In the context of the Paris Declaration on Aid Effectiveness, it is important to establish common approaches, agree on lead development partners and reduce aid fragmentation to support a country-led approach in the infrastructure sectors. For Africa’s infrastructure in general, the largest donors, i.e., World Bank, European Union institutions, African Development Bank, Japan, Germany and France, together provided more than 80% of ODF disbursements, which excludes financing from the emerging economies.
On the other hand, disaggregation of data into different categories by sub-region of North Africa and Sub-Saharan Africa, as well as ‘hard’ and ‘soft’ aspects, for each infrastructure sector shows a varied picture in terms of the largest donors. As data also show that there is significant aid fragmentation, effective division of labour needs to be addressed, particularly considering the increasingly important role of the emerging economies in Africa’s infrastructure.
While development agencies state that they align to partner country priorities, most of them express challenges due to the disconnect between country and regional priorities, lack of co-ordination and capacity among partner government ministries and regional communities, and inadequate country systems.
On harmonisation, many bilateral donors resort to multilateral organisations, specialised programme funds, and multi-donor platforms to minimise duplication, leverage other donors’ resources, build consensus, facilitate transactions, and disseminate good practice. While these can be effective approaches to reduce transaction costs and fragmentation, the proliferation of specialised programme funds could also become another source of aid fragmentation. In terms of domestic harmonisation, while some development agencies co-ordinate with other parts of the government that promote investments abroad, others try to maintain a distance between development objectives and promotion of national business interests.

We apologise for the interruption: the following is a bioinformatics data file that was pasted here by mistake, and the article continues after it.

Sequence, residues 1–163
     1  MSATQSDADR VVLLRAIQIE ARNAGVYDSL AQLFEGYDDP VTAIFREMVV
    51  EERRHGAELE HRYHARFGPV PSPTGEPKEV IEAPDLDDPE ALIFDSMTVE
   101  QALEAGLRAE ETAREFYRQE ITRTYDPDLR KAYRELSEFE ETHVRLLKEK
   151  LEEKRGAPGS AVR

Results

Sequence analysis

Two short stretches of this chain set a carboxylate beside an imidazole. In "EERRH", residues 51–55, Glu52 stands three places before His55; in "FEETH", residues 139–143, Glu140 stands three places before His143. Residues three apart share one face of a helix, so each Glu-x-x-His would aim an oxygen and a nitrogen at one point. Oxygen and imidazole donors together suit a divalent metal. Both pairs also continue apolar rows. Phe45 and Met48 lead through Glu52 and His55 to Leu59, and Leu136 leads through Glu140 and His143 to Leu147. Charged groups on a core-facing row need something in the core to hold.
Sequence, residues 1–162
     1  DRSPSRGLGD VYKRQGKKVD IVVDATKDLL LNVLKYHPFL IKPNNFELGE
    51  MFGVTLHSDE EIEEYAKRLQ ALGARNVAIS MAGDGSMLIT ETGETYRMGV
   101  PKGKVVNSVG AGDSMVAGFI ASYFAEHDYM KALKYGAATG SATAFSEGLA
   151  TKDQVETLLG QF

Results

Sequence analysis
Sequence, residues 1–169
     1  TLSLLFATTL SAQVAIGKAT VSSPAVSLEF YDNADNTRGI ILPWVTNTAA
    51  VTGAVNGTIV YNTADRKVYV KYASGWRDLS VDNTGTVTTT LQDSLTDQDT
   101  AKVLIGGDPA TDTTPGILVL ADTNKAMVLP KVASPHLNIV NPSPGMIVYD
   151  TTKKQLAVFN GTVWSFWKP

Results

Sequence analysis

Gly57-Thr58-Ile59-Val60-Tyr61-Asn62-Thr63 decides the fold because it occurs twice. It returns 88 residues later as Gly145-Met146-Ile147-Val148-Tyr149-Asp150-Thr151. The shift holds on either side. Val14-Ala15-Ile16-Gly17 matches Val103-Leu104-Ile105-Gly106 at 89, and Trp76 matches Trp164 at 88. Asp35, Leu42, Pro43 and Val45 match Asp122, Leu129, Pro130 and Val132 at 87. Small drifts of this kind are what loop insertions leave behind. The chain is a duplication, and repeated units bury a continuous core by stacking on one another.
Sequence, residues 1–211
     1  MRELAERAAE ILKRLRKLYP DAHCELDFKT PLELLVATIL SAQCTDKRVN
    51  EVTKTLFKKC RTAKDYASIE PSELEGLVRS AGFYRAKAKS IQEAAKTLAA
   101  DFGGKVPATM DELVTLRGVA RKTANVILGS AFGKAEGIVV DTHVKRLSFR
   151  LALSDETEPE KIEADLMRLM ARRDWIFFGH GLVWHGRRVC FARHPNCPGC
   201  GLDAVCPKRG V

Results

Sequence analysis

In managing for results, measuring the leveraging effects of ODF on private investment to Africa’s infrastructure by supporting the “soft” aspects is difficult. It is first hard to establish causal linkages, particularly since increased investment and infrastructure development can take time. In addition, broader issues such as reduced corruption or a developed financial sector may impact more effectively than direct support to the infrastructure sectors. A major bottleneck in assessing results is the lack of disaggregated data on foreign direct investment and various financial instruments due to confidentiality of commercial interests.
It is important to remember that the ultimate goal is sustainable growth and poverty reduction in Africa, as opposed to simply increased private investment. However, when the latter is deemed to contribute to the former through a specific infrastructure plan, then development partners should collectively look at what they can do more to help improve the enabling environment and provide effective financing instruments. This could be done through enhanced dialogue among African governments, the private sector, development agencies, development finance institutions, civil society, as well as the emerging economies on better co-ordination, harmonisation, and division of labour, in line with the Paris Declaration principles.
The objective of this paper is to present an overview of support by development partners as well as financial instruments that are promoting private investment for Africa’s infrastructure. It is delivered within the framework of the New Economic Partnership for Africa’s Development (NEPAD)-OECD Africa Investment Initiative, building on past efforts by the two committees.